On the Periphery

I went to a birthday dinner with a group of nice women. Somebody asked me how my daughter was doing on her class trip to Gettysburg. I started to reply, when someone else asked what she was doing there. I explained that the gifted and talented group joins another school’s annual trip. The atmosphere sharply turned into a seething mix of anxiety and resentment and query. Ah, I’d triggered parental competition zone. I let the veil drop and turned into myself to ride out the chattering, the references to learning styles and I don’t know what else they were going on about. When they turned to me to ask when the testing for the gifted program was, I quietly said I didn’t know.

I disconnected, but this time, I followed the clues to figure out why I’m disconnecting. Mothers go out together to get the scoop. Here I’d given them a scoop when what I needed was a receptive audience to hear my own hardships. Why was that so important to me? My daughter was in Gettysburg without me. My husband had chaperoned son when he went a few years ago, and I always hoped that I’d chaperone her. That didn’t work out. I’d allowed myself to imagine worst-case scenarios of her on a trip without me. Once she departed, however, so confident with her smartly-packed suitcase and little camera at the ready and her knowledge of battles and generals and colonels ready to be put to use on the actual battlefield, I trusted the process, and I let her go. That was a big parenting step, especially this year, when I’ve been so protective of these kids. I was so proud of her and so sad about our situation. In the days that she was gone, I spent so much time alone that I held it all in. I didn’t have anyone to talk this through with. When finally asked at the dinner, it was my chance to share my feelings, but they didn’t want to know about my or her troubled souls, they just wanted to know how to get their kid into the program. I get that. The fault was mine in expecting more from dinner-party conversation. I’m seeking out connections that one finds in a partner, because that’s what I really crave, but nobody goes to a dinner party to deeply connect, they get that at home. This is what I took away from that dinner: I am not Number One in anyone’s life.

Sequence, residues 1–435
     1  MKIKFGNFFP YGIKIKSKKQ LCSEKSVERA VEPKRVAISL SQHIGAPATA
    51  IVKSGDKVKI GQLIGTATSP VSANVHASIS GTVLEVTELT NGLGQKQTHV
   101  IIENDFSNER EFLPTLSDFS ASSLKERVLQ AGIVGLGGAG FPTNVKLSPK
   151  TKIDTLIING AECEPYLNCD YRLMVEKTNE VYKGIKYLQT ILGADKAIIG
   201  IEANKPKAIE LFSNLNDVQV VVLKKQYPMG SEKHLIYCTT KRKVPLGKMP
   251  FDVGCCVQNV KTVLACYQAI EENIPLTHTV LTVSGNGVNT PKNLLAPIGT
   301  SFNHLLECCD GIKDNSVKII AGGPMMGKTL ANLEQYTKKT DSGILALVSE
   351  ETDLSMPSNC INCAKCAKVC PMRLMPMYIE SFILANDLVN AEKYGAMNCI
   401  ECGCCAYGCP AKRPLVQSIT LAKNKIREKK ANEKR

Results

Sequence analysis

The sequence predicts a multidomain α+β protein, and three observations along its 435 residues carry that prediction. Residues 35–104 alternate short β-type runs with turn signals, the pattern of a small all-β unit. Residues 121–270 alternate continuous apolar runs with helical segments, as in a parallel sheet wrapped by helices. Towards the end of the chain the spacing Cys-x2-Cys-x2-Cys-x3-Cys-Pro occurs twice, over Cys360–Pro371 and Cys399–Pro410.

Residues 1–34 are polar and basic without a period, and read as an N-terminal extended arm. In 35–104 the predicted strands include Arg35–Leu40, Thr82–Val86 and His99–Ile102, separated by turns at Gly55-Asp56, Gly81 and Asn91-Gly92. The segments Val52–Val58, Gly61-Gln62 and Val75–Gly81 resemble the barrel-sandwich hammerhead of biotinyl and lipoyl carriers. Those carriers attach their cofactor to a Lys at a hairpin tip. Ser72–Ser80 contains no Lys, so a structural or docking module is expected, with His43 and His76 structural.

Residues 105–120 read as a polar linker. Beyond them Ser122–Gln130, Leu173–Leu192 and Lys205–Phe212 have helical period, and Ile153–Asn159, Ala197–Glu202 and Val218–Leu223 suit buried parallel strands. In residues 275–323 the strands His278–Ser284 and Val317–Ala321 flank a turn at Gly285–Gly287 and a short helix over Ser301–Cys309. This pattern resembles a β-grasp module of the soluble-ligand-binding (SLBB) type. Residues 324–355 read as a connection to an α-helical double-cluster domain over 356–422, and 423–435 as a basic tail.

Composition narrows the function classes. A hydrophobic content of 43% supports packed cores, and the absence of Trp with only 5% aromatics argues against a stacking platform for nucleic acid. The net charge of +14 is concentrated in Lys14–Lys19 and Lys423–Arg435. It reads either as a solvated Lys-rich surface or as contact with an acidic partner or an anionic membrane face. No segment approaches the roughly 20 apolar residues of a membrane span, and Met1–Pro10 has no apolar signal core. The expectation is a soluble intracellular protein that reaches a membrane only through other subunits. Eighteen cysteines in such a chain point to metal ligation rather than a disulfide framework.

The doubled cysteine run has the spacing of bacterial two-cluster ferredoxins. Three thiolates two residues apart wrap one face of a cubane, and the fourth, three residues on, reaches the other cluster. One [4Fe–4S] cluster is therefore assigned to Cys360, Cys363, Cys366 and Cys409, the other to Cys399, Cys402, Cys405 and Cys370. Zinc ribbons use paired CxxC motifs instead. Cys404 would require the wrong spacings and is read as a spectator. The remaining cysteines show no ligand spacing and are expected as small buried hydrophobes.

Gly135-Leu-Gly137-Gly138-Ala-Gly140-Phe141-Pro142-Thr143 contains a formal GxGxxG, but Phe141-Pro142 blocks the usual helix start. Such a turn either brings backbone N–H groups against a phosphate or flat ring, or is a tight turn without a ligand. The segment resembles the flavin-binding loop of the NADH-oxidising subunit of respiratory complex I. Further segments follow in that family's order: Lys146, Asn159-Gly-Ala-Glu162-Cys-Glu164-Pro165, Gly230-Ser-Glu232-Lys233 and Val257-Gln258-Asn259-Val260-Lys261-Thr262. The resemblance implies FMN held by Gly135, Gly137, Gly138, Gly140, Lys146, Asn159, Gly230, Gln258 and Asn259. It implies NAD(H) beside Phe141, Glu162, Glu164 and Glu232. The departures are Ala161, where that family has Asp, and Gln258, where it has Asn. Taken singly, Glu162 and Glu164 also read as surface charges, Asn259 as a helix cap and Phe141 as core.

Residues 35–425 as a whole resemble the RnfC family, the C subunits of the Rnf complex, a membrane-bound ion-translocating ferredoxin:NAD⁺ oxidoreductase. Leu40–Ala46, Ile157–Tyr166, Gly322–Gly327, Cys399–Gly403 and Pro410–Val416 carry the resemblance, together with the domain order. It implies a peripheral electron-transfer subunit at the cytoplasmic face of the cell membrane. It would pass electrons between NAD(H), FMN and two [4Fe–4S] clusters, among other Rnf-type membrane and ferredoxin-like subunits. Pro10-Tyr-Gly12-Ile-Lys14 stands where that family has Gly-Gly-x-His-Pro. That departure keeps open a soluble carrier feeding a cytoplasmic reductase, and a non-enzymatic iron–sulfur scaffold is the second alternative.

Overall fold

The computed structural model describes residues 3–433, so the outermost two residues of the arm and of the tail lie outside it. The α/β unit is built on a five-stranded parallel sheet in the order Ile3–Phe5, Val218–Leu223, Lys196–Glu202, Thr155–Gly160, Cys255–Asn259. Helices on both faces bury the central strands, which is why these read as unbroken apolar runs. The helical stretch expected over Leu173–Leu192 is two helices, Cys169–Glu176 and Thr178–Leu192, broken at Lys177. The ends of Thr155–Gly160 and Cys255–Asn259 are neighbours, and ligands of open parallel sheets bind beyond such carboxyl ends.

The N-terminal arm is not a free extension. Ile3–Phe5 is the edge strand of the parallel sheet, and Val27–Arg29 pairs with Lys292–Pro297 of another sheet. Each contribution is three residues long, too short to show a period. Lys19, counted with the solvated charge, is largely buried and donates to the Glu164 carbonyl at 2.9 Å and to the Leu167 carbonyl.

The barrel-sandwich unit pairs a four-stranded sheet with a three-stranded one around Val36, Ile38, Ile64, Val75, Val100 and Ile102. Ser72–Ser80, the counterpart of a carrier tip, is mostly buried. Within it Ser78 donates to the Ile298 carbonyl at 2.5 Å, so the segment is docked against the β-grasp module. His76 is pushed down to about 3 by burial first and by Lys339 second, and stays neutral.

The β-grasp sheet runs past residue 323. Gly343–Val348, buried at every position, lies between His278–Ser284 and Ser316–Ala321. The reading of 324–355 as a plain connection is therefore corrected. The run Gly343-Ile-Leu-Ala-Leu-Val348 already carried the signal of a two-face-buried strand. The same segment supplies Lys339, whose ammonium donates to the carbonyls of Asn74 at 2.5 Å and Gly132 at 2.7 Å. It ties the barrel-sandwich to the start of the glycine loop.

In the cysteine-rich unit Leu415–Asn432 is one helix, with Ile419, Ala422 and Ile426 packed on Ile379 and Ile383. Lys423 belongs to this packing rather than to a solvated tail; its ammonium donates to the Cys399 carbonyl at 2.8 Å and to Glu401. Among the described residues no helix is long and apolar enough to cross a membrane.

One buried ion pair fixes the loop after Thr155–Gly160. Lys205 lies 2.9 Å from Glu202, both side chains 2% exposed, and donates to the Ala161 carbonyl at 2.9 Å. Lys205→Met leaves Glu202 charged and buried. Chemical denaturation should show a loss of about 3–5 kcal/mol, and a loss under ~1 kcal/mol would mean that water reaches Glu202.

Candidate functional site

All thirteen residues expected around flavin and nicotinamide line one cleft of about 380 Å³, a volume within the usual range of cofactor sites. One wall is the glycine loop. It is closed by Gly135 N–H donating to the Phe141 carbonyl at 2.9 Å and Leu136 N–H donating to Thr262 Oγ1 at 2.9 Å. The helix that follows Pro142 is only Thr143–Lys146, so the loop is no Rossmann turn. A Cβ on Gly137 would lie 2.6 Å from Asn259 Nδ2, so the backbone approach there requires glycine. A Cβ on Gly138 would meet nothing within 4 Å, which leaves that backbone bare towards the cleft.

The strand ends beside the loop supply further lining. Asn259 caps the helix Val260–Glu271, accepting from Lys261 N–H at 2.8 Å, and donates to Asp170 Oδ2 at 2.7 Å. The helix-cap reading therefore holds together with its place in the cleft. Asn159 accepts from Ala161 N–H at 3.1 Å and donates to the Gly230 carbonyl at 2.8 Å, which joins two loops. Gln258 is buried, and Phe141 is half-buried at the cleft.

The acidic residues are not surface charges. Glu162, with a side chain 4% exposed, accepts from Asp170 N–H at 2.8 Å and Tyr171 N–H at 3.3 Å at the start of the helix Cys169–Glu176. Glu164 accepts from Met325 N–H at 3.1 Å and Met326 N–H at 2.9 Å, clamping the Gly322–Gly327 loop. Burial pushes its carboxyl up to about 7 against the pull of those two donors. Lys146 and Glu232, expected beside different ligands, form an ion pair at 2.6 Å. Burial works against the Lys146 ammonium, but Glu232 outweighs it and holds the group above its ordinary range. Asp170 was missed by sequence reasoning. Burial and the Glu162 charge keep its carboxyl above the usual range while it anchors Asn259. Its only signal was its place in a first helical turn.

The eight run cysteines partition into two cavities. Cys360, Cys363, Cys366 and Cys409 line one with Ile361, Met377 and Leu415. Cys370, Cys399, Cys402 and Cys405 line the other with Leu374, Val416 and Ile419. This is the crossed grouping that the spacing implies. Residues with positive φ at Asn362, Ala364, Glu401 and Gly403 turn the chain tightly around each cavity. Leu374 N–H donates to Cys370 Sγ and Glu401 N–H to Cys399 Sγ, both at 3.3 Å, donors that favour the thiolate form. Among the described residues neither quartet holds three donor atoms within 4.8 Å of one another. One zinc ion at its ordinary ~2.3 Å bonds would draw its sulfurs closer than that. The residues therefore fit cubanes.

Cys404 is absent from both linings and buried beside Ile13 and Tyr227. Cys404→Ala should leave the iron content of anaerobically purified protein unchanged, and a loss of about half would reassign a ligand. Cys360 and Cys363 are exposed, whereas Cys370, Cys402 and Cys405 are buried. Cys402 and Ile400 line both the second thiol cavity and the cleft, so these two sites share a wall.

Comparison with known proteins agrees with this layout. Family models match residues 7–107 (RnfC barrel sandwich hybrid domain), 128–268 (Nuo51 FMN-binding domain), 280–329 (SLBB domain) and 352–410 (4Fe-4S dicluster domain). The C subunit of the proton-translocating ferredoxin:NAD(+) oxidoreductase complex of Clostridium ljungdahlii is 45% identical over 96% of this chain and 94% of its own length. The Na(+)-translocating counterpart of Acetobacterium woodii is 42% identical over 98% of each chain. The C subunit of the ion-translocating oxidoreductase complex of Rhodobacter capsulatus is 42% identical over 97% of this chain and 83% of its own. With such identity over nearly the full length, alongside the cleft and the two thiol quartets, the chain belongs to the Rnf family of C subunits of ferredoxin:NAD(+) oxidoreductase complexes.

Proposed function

It’s okay. A lot of people care about me and care for me, and I’m grateful for that. I am lucky to have a number of people who will listen and counsel me on some pretty deep stuff. But they’re not there for me everyday, or for every little problem. When it comes down to it, I’m on the periphery of everyone’s life and the center of no one’s. (except the kids. I know. But I take care of them, they’re not here to take care of me.) I understand that many people live alone, so it’s time to figure out how to live a life this way, too. But first, I’m just going to let it simmer a while so I can feel how much it hurts, and explore the depth of this absence. This past year I’ve been so distracted by the activity of getting our lives in order, and I’ve felt so much pain that it’s as if husband and I were still a couple, bound by pain. As I’m moving on, I’m finally confronted with emptiness, and it often surprises me to encounter it, and to be reminded, again and again, just how lonely I am. I’m sitting with it for the time being, because I’m pretty sure that loneliness has not finished slapping me in the face. I’ll let myself get battered around by it, then I’ll be sure to let this go, too. And then I’m going to need to rely on myself, on my own core. Meditation has taught me that if you turn in deep enough, you come around on the other side to meet the whole world, the universe, and maybe I’ll even be able to connect with people at dinner parties, what with my lowered expectations and all. I know there’s hope. But today–crikey!–I’m a lonely son of a gun.

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